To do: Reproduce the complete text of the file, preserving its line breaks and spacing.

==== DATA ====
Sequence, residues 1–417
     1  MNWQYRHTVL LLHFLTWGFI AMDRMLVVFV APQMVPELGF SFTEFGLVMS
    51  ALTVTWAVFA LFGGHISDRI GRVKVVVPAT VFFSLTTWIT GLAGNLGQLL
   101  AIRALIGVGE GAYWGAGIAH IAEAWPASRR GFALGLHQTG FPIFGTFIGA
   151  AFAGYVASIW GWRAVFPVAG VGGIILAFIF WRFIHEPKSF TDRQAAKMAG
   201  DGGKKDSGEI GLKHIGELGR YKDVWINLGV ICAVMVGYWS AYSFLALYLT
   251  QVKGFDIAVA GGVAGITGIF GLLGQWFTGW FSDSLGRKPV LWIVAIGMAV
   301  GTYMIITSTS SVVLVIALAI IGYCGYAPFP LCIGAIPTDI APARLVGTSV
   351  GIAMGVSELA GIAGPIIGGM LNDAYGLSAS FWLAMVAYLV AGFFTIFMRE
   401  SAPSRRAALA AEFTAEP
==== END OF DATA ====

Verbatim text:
Sequence, residues 1–417
     1  MNWQYRHTVL LLHFLTWGFI AMDRMLVVFV APQMVPELGF SFTEFGLVMS
    51  ALTVTWAVFA LFGGHISDRI GRVKVVVPAT VFFSLTTWIT GLAGNLGQLL
   101  AIRALIGVGE GAYWGAGIAH IAEAWPASRR GFALGLHQTG FPIFGTFIGA
   151  AFAGYVASIW GWRAVFPVAG VGGIILAFIF WRFIHEPKSF TDRQAAKMAG
   201  DGGKKDSGEI GLKHIGELGR YKDVWINLGV ICAVMVGYWS AYSFLALYLT
   251  QVKGFDIAVA GGVAGITGIF GLLGQWFTGW FSDSLGRKPV LWIVAIGMAV
   301  GTYMIITSTS SVVLVIALAI IGYCGYAPFP LCIGAIPTDI APARLVGTSV
   351  GIAMGVSELA GIAGPIIGGM LNDAYGLSAS FWLAMVAYLV AGFFTIFMRE
   401  SAPSRRAALA AEFTAEP